Another godling, the goddess of wisdom, and the apparent leader of the enslaved gods.

Zhakkarn[edit]

Another godling, the goddess of war and battle.

Dekarta[edit]

As the head of the Arameri family, Dekarta is the "uncrowned" ruler of the Hundred Thousand Kingdoms and Yeine’s grandfather. He summons Yeine to Sky at the beginning of the story, and names her one of his heirs.

Scimina[edit]

One of Yeine's cousins, a fellow heir. The apparent primary antagonist of the story.

Relad[edit]

Scimina’s younger twin brother and the other potential heir. He is a bitter drunkard, but Yeine's best chance for an alliance in order to survive the contest of heirs.

T’vril[edit]

A half-blood like Yeine, he is the palace steward. He quickly becomes one of Yeine's allies.

Kinneth[edit]

Kinneth was Dekarta’s only child, Yeine's mother.

Viraine[edit]

He is the palace scrivener, (a scholar who studies the gods' language; this language permits him to work limited magic). He too helps Yeine, though his motives are unclear.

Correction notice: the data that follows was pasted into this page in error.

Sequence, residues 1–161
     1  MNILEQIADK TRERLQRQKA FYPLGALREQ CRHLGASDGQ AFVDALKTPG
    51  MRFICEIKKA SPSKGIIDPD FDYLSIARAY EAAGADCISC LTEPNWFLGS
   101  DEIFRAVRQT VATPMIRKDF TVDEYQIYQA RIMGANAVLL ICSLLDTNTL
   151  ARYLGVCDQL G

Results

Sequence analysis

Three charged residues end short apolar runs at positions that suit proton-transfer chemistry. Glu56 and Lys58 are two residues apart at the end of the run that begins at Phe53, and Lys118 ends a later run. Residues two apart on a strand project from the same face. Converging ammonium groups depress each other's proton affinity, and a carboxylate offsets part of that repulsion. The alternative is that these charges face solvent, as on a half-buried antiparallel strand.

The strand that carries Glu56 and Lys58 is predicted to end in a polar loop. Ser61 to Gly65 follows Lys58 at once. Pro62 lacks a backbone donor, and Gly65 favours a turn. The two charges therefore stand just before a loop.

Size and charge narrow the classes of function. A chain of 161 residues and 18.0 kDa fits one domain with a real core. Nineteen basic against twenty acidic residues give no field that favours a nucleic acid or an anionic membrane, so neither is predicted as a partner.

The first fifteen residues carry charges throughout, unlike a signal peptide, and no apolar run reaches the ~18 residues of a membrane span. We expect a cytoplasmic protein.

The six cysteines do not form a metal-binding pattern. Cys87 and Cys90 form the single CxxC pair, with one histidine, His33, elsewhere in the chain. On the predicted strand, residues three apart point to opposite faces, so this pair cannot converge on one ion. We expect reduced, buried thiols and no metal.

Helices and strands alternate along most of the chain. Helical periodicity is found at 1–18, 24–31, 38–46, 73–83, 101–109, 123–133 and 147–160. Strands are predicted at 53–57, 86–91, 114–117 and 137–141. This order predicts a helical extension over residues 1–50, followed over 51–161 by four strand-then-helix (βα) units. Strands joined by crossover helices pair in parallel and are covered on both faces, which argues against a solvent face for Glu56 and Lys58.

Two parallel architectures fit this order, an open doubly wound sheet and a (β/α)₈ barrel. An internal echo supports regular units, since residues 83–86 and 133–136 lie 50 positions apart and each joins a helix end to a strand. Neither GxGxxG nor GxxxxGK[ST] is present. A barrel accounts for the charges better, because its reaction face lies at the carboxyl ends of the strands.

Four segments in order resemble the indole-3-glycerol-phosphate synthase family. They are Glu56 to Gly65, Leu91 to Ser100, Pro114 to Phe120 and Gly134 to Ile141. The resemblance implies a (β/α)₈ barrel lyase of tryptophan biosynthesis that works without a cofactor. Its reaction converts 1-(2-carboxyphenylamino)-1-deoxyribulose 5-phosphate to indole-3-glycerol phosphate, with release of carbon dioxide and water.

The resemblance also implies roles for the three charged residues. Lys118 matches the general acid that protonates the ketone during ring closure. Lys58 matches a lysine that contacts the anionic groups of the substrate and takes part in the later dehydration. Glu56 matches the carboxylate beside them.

Reception[edit]

With relatively positive reviews, the book received

References[edit]

  1. ^ First unabridged audiobook edition of The Hundred Thousand Kingdoms on WorldCat
  2. ^ "Locus Awards Winners". Science Fiction Awards Watch. June 25, 2011. 
  3. ^ http://nkjemisin.com/bibliography/
  4. ^ "Roundtable: N. K. Jemisin". Locus Online. June 29, 2011. 
  5. ^ http://nkjemisin.com/reviews/
  6. ^ "2011 Hugo Award Winner and Nominees". Worlds Without End. Retrieved 2010-08-09. 
  7. ^ "2010 Nebula Award Winners and Nominees". Worlds Without End. Retrieved 2010-08-09. 
  8. ^ "2011 World Fantasy Award Nominees". Worlds Without End. Retrieved 2010-08-09. 
  9. ^ The Hundred Thousand Kingdoms on Goodreads

External links[edit]